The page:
Focusing on story-telling in video games

Interactivity is what separates video gaming from other forms of media.  Yet, it seems like too many developers spend most of their budget developing graphics, and players spend more and more of their time watching cutscenes instead of playing a game. Video games need to focus on solid, enduring gameplay more than the story, graphics, or anything else.

Obviously, a compelling story and top-of-the-line visuals can only serve to improve most games. They definitely need serious attention during the development process, as long as it is not at the expense of gameplay. It is not the medium’s job to provide the best visuals and stories – consumers can find much better examples of both by reading a book or watching a movie.

The problem with many stories in video games is simply that the games are not good at telling them. Too often, developers use cutscenes in order to advance the story. Brief cutscenes are fine in moderation, but when the entire plot is only advanced by watching a movie, the game is not doing its job.

For example, the recent release of The Order: 1886 for PlayStation 4 has been lauded for its near-realistic visuals and production value. However, it has also received strong criticism for its short campaign mode and very limited gameplay and player interaction. At times, the game feels much more like watching a CGI movie. This game is a perfect example of developers focusing on the wrong aspects of game making: no matter how impressive or lifelike the visuals are, if the gameplay is too flawed it will not be received well. On the contrary, games like the Mario series have very minimal to no stories at all, but are still universally considered to be excellent because of their incredibly satisfying gameplay.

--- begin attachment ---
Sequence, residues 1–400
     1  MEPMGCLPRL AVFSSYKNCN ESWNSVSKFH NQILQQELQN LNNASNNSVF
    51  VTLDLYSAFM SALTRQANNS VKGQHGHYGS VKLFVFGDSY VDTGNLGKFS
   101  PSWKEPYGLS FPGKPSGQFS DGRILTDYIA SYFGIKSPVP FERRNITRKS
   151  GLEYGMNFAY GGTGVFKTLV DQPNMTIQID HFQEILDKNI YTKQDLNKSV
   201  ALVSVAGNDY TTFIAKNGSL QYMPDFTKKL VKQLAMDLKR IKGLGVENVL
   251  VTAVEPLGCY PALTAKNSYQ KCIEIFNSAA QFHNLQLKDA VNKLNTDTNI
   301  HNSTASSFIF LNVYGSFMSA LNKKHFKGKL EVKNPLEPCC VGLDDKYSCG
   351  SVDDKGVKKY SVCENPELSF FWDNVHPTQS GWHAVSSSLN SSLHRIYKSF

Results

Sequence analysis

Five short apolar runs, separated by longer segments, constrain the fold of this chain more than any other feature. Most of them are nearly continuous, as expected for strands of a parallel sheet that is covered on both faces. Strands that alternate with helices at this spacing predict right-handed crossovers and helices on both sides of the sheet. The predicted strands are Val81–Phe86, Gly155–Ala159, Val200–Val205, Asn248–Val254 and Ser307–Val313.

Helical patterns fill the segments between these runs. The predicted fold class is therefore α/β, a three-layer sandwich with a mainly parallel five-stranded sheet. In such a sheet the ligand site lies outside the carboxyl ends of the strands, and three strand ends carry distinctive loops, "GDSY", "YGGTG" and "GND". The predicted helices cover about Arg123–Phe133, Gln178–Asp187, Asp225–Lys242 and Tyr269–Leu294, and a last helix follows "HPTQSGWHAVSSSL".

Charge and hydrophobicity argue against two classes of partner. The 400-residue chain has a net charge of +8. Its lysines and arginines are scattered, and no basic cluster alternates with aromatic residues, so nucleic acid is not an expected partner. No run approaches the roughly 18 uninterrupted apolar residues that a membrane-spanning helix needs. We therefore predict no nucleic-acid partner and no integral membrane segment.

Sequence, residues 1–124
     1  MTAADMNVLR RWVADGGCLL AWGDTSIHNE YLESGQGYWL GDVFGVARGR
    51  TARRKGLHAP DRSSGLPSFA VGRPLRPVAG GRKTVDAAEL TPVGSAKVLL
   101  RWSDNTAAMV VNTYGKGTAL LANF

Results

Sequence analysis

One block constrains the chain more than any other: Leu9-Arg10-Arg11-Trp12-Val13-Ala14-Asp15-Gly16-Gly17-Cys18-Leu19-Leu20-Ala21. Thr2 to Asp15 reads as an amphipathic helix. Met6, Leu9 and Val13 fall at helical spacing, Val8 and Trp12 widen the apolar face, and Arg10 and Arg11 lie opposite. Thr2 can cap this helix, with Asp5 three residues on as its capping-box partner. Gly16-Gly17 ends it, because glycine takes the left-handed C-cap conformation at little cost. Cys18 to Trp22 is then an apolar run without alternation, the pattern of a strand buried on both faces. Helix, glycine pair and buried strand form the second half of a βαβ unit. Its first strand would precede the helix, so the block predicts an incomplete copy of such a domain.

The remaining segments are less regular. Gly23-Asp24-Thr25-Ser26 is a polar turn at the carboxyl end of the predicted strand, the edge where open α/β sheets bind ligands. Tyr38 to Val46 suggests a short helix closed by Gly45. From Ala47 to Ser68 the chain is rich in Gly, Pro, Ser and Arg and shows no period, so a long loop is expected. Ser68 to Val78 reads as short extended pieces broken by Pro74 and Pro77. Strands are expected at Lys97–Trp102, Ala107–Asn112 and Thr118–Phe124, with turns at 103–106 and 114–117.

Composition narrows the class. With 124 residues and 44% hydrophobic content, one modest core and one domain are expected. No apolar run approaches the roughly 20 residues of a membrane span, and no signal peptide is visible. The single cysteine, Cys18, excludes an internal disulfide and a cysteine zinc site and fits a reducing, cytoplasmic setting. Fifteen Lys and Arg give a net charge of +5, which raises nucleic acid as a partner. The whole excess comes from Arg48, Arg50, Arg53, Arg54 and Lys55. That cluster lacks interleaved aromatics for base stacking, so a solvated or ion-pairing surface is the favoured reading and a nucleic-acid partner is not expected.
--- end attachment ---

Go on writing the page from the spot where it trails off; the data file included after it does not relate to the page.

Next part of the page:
Some games try to make the cutscenes more interactive by introducing quick time events, in which a button command will briefly appear on the screen during the scene. The player must be quick to react, or they risk failing and having to start the scene from the beginning. This is a lazy and ineffective way to make a game more interactive. The developers are still using cutscenes as a crutch, but now they are also forcing the player to pay close attention with a cheap tactic. If they are so worried about the player tuning out during the cutscenes, they should either remove the cutscenes entirely or at least make them more interesting.

Good games tell their stories through gameplay. In Portal 2 the player is always in control – there are no clear boundaries between storytelling and game playing. The player sees the entire game through the main character’s eyes, and experiences everything that she does. The story is mostly told through voiceovers during gameplay, and develops quite deeply as the game progresses.

For an older example, Metroid Prime for the Nintendo GameCube subtly contains a very interesting backstory. There is no dialogue in the game, and very brief cutscenes (less than one minute) only happen to introduce boss fights or new areas. Instead, the story is told through messages inscribed in the environments by unseen characters, and it is totally optional for the player to read them at all. It is up to the player to piece the story together, and the player has the freedom to choose how far down the rabbit hole he wants to go.

Both Metroid Prime and Portal 2 tell compelling stories without breaking up the flow of the gameplay or the player’s immersion within the game world. More games should follow these examples in order to make the experiences for their players as best as they can possibly be.